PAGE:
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reMYND NV today announced that it has received a grant of 1.48 million EUR from IWT, the Flemish agency for Innovation by Science and Technology, to accelerate its Diabetes program. reMYND announces this news during the Bio International Convention (Washington, US) on 27 June 2011.
reMYND’s Drug Discovery & Development focuses on the development of disease-modifying drugs for patients suffering from protein-misfolding disorders including Alzheimer’s and Parkinson’s disease and Type 2 Diabetes Mellitus (T2DM).
Currently, reMYND’s most advanced programs entail treatments for Alzheimer’s and Parkinson’s disease aiming to decelerate – or even stop – neuronal degeneration by counter-acting tau or synuclein protein misfolding. Hence, such treatments would allow to slow-down disease progression in patients. In September 2010, reMYND signed a major strategic alliance with Roche to further develop and commercialise part of reMYND’s Alzheimer and Parkinson experimental treatments.
Recently, reMYND has diversified its drug discovery activities by including T2DM, another protein misfolding disorder. In T2DM patients, IAPP misfolding is believed to be a major cause of degeneration and death of insulin-producing β-cells. Last year, proof-of-concept was demonstrated in-vitro in β-cells, indicating that reMYND’s screening technology platform can be reconfigured to discover IAPP-toxicity inhibitors. Building on these promising findings, reMYND has launched a major effort to develop novel disease-modifying treatments for T2DM which would preserve insulin-producing β-cells and thus go well beyond currently available mere symptomatic treatments. In order to accelerate these exciting developments, IWT has now provided reMYND with a grant of 1.48 million EUR for 2011-2012. A possible extension into 2013 will be assessed at the end of 2012 based on the scientific progress realised and on the company growth. If all goes as planned, reMYND’s T2DM program would be at the end of 2013 in a similar stage of development as the Alzheimer program was at the time of out-licensing to Roche.
Commenting on the grant, Koen De Witte, Managing Director of reMYND said: “We are excited about this grant, not only for its potential acceleration of reMYND’s T2DM program but also because it validates our research approach into this disease area, having withstood a thorough evaluation by IWT and external scientific experts. This also broadens the scope of our pipeline beyond the Central Nervous System.”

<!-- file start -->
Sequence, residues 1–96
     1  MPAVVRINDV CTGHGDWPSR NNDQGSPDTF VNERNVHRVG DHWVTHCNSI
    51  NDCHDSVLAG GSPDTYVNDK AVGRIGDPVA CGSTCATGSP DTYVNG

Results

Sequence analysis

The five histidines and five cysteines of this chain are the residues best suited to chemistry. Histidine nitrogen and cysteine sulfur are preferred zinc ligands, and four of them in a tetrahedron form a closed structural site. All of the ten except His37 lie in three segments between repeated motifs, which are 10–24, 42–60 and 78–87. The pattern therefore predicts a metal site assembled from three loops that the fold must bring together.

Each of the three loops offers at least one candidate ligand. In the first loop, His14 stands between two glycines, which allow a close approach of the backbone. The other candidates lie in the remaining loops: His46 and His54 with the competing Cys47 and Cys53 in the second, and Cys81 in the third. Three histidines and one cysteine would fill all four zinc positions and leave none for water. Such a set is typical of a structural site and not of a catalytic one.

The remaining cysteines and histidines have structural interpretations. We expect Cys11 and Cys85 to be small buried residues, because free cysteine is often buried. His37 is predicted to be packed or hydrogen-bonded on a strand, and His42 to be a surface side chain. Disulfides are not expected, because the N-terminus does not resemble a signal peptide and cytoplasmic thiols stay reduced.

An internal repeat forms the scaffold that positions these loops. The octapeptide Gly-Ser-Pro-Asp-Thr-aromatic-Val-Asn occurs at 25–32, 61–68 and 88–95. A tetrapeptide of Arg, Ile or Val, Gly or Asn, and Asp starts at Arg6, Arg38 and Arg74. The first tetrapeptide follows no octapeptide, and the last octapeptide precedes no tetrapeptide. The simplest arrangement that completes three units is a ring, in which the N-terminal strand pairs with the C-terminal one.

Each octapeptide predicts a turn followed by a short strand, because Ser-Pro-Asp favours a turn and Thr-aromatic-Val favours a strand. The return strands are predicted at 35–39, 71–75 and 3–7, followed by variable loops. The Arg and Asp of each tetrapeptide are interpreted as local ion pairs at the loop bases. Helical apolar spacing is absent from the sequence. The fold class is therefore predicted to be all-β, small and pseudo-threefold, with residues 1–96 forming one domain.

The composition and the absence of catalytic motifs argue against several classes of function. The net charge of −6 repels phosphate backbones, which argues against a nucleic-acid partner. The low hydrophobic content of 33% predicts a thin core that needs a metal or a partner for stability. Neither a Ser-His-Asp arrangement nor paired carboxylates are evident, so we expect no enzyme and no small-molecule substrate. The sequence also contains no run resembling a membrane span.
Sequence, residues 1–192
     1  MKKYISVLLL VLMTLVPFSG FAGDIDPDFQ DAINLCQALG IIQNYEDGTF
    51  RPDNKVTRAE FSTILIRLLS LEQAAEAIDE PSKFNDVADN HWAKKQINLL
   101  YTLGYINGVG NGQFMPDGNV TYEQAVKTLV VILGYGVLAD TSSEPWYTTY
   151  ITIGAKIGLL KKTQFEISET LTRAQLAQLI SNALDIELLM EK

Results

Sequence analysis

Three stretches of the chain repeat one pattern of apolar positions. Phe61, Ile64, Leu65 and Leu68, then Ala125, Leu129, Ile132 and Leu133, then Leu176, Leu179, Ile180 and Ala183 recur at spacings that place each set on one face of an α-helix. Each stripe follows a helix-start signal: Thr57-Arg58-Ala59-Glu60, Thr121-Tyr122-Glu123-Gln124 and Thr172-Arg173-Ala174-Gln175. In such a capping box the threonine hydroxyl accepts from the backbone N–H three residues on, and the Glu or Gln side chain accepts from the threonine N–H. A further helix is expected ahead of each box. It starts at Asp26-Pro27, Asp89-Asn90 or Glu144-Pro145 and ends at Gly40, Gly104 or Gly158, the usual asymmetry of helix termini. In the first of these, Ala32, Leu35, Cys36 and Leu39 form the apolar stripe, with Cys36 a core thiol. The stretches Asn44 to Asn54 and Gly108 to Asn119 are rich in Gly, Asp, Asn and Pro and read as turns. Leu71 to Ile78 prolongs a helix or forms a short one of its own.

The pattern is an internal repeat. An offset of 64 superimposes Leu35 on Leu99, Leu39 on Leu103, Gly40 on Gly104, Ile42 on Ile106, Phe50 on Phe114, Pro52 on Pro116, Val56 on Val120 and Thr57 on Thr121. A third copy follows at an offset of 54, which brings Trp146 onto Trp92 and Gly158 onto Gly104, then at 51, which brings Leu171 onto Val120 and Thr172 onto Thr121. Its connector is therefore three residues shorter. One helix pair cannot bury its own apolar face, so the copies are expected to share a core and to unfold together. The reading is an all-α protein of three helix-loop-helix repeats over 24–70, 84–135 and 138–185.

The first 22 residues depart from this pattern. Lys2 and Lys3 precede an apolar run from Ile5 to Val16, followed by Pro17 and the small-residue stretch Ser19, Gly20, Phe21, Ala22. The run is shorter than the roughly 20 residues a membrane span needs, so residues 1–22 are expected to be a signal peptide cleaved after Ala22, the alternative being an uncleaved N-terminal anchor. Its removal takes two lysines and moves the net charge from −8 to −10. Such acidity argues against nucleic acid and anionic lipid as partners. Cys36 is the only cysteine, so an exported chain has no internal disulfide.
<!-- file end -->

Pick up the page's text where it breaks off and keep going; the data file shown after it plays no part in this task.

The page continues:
Gerard Griffioen, CSO of reMYND added: “The research supported by the grant has the objective to discover a novel class of drugs for treating a root cause of T2DM. Given the increasing prevalence of T2DM globally, especially at increasingly younger age, such treatments could have the potential to improve quality of life significantly for a growing number of patients by delaying the more detrimental phases of diabetes and the use of insulins.”
Type 2 Diabetes Mellitus (T2DM) is a chronic metabolic disorder resulting from a failure to appropriately manage blood glucose levels. The prevalence of T2DM in the seven major markets is about 8.5% (about 10 times higher than the 0.9% prevalence of Alzheimer’s disease and 40 times higher than Parkinson’s). T2DM is estimated to affect more than 300 million people worldwide and is expected to increase rapidly in the future, with an anticipated doubling by 2025. Although T2DM is age-related, over the past decades a remarkably strong decrease in age of onset has been observed, likely attributable to changes in lifestyle and diet in Western countries. These evolutions, which are also becoming manifest in developing regions such as the highly populated BRIC countries, together with the increased ageing of the population, are major causes for the expected rise in T2DM incidence and illustrate a huge medical need and an enormous challenge for society. At present only symptomatic treatments are available for T2DM, none of which alter the course of ongoing degeneration of the insulin-producing β-cells fundamentally.
Therefore developing innovative disease-modifying treatments with the potential to decelerate or perhaps even reverse symptoms entails a current challenge of reMYND, creating a unique opportunity to address important medical needs and societal challenges while securing an important economic value in Flanders.
reMYND, a spin-off company of Leuven University, Belgium, actively drives the development of disease-modifying treatments, both through its own Drug Discovery & Development and as a Contract Research Organization (CRO):